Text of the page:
Also of interest…
In nonhuman worlds
The Rise and Fall of the Dinosaurs
by Steve Brusatte (William Morrow, $30)
Steve Brusatte’s new book is “a masterpiece of science writing,” said Dennis Drabelle in The Washington Post. Evincing “an infectious enthusiasm for all things dinosaurian,” the paleontologist has delivered a history of the great reptiles that marvels over 50-ton giants surviving on vegetation alone and closes with a “bravura” re-creation of “the worst day in the history of our planet”—when an asteroid struck today’s Yucatán Peninsula, causing mass extinction. Of course, it also enabled the rise of mammals, including us.
The Secret Life of Cows
by Rosamund Young (Penguin, $23)
Rosamund Young writes barnyard portraits of “unutterable charm,” said Eve MacSweeney in Vogue.com. To the lifelong English farmer, each cow, sheep, and chicken is unique, and her prose sketches of her bovine charges reveal creatures capable of bonding, communicating, grieving, and even playing pranks. “Young anthropomorphizes, to be sure,” but her alertness to each animal’s idiosyncrasies “puts our understanding of the minds of cattle onto a completely different plane.”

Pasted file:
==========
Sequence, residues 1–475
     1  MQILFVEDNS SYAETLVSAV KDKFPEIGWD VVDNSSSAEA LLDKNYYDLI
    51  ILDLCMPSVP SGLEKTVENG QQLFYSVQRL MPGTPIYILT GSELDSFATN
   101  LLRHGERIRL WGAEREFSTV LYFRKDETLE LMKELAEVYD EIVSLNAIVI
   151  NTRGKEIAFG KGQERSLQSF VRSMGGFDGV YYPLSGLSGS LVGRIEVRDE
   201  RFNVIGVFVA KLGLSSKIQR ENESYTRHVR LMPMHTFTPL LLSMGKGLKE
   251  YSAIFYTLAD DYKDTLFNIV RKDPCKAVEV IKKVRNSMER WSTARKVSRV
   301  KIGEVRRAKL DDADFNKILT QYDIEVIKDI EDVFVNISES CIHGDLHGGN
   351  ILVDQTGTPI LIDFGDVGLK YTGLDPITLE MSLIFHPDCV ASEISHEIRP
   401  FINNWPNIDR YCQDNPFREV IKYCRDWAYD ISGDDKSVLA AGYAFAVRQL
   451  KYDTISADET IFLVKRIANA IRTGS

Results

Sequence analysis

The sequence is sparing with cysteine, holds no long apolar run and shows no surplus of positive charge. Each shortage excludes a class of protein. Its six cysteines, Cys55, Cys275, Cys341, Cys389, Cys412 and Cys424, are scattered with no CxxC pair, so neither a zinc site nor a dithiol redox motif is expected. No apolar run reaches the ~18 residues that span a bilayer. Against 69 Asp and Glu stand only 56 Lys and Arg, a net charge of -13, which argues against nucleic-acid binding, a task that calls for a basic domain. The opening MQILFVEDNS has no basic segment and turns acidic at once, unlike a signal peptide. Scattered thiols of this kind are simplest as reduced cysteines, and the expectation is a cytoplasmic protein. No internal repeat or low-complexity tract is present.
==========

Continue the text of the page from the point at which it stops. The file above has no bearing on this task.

Spying on Whales
by Nick Pyenson (Viking, $27)
Nick Pyenson’s memoir is “a paleontological howdunnit embedded in a travelogue,” said Sascha Hooker in Nature. The Smithsonian’s curator of fossil marine mammals, Pyenson circles the globe to gather data about how whales became the planet’s largest-ever mammals and how human activity and climate change could affect their future. Pyenson can be faulted for occasionally obtaining specimens from whalers, but he’s clearly a conservationist, and “his passion for research shines through.”
by Thor Hanson (Basic, $27)
Thor Hanson is the rare scientist who’s made a career of writing for lay readers, said Mark Winston in the Los Angeles Review of Books. “About bees, he’s an amateur, but a serious one,” and his new book-length love letter to wild bees is inspirational. Like honeybees, which are critical to the farm industry, wild bees are in trouble, with 43 percent of bee species in decline because of pesticides and other agricultural practices. Buzz offers no solution—just reasons to be fascinated by these marvelous insects.